Addressing the Future: The Tactics of Uncertainty

Attractor: Claudia Westermann

More than 30 years ago, Michel de Certeau suggested that a shift in methodologies was necessary from strategies that operate on the basis of planning and prediction to tactics that operate on the basis of appropriation. Within this context, competition for the best prediction is substituted for a search for authorities that create the places that give space. This stream of interest with the title ‘Addressing the Future – The Tactics of Uncertainty’ suggests that even though Utopia has not been valued recently, it is nevertheless the actual turn towards the future – this radical uncertainty – that allows for a profound re-questioning of our methodologies. How do the sciences and the arts address the future? Can we speak to it, and in doing so, can we create openings in the present?

Methodology: The main intention of this suggested stream of interest is to provide for a ‘good’ start question from which the theme of uncertainty could be addressed in a rather radical way. I am interested in viewpoints from all areas of the sciences and arts. In addition to presentations, there could be conversational panels and workshops. The latter could also be contextualized within the city of Prague. Which inclination this theme takes also depends on the other streams of interest and should be discussed.

Biography: Claudia Westermann is a licensed architect holding a postgraduate degree in Architecture from the University of Karlsruhe (Dipl. Ing.), a second postgraduate degree in Media Fine Arts from the University of Art and Design (HfG) at the Center for Art and Media (ZKM) in Karlsruhe, Germany, and a PhD from the University of Plymouth, UK. Her Ph.D. thesis entitled ‘An Experimental Research into Inhabitable Theories’ was supervised by Professor Roy Ascott. Her works have been exhibited internationally, including at the Venice Biennale for Architecture, the Moscow International Film Festival, ISEA Symposium for the Electronic Arts, and the ZKM in Karlsruhe.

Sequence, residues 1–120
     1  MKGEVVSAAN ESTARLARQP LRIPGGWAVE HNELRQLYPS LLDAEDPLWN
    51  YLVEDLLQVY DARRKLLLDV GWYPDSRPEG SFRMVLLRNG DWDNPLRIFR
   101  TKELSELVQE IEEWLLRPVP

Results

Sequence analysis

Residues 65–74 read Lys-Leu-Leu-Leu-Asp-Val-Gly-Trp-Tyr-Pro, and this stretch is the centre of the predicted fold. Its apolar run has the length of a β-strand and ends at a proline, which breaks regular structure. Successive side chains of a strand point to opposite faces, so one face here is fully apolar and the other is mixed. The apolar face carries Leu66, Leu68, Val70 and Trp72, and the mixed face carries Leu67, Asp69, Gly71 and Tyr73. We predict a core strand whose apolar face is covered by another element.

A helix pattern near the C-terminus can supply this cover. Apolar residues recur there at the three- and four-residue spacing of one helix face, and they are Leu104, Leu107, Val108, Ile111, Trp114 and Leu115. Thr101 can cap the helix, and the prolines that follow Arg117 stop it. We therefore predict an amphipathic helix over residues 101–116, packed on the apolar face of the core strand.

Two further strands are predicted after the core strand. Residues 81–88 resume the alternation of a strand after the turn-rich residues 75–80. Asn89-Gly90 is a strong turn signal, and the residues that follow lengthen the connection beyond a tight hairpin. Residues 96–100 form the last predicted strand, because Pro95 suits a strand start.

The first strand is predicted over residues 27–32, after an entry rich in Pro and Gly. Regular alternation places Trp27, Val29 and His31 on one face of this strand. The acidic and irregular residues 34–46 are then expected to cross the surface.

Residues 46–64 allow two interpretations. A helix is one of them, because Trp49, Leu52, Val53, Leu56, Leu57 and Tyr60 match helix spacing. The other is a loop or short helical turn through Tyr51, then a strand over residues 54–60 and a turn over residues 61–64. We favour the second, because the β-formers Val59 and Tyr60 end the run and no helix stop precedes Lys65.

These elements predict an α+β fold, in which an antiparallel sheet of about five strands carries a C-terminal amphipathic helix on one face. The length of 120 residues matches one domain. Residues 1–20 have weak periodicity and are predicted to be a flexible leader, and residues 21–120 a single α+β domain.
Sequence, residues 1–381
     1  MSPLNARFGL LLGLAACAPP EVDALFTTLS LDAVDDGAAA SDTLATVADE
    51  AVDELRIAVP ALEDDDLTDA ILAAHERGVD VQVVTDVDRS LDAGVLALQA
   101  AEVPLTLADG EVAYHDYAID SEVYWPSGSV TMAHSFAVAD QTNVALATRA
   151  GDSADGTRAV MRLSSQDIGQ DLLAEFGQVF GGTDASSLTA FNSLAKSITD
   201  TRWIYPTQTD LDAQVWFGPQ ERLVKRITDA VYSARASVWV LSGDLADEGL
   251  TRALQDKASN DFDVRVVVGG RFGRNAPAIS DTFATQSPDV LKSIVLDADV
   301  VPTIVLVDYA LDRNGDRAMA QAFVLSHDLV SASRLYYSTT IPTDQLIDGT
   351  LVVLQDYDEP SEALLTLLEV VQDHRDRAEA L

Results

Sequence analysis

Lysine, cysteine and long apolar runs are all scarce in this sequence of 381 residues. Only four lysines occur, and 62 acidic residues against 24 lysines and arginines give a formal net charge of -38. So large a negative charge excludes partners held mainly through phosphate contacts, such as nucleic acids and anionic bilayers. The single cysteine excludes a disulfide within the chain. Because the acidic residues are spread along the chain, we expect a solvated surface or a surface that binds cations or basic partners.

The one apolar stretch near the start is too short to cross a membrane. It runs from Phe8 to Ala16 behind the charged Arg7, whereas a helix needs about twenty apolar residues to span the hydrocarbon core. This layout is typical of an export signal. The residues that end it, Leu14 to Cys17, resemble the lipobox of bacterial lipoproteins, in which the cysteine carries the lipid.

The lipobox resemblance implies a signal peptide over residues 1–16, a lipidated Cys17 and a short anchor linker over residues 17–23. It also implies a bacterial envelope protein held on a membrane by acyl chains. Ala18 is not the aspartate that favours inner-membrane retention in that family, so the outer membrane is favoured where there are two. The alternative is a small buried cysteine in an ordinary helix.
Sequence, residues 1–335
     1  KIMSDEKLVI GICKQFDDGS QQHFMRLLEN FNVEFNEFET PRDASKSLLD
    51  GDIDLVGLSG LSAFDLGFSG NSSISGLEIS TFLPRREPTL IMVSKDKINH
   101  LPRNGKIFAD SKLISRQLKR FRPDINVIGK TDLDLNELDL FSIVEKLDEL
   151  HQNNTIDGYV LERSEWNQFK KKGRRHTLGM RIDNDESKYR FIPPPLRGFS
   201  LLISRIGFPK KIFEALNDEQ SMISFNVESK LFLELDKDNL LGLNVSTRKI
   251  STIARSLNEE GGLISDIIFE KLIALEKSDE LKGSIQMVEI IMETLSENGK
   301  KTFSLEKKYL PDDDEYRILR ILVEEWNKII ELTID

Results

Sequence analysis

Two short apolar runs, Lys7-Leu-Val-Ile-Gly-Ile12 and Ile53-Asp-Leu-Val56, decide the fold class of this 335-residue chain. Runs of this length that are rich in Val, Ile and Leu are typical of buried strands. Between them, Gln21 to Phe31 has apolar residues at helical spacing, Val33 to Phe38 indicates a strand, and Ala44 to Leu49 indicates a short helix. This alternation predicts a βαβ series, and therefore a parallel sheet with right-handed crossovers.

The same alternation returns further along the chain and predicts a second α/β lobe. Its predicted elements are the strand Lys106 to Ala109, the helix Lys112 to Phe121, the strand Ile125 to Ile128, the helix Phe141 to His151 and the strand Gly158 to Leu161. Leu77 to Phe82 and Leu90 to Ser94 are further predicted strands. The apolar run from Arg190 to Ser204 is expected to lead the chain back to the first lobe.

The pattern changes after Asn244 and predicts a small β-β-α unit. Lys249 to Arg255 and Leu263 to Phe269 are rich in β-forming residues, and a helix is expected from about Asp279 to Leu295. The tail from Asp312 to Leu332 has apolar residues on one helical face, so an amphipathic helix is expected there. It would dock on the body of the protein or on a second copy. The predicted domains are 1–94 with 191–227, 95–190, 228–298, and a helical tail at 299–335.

Extreme Metabolic Interactions: Cooking for Apocalypse

Attractor: Denisa Kera

We want to rethink the relation between food and technology and experiment with future metabolic exchanges that are biological, technological and political at the same time. Cooking and eating offer and ideal ground for design experiments with future scenarios around the theme of “tribute to uncertainty”. Metabolism, death and possible apocalypse are all part of the same process, which intimately links various organisms and scales of existences. We will explore extreme eating and cooking practices that are not afraid to rethink the function and possibilities of deadly and evil ingredients in our planet kitchen like CO2 and GMOs and rethink their limits. We want to test new relations between food chains, networks and systems at a variety of scales and propose new, metabolic exchanges.

Methodology: We will explore various forms of cooking and eating at times of uncertainty and possible apocalypse by organizing workshops and dinners with the participants. With series of recipes and interventions we want to transform the dinners into apocalyptic event showing various metabolic interactions that will prepare the participants for the ultimate and inevitable. Our body is a system transforming thousands of organisms into a source of energy for other organisms, so perpetually involved in death and apocalypses. How to make these processes visible and enjoyable?

Biography: Denisa Kera is Assistant Professor at the National University of Singapore and Asia Research Institute fellow. In her present research she is bringing together Science Technology Society (STS) studies and interactive media design. She builds design prototypes and critical probes to reflect upon issues in STS and create tools for deliberation and public participation in science. She also studies science community labs and alternative R & D places (Hackerspaces, FabLabs) around the world following the convergence of web technologies and biotech around (Do It Yourself) DIYbio movements, consumer genomics and various citizen science projects. She has extensive experience as a curator of exhibitions and projects related to art, technology and science, and previous career in internet start-ups and journalism.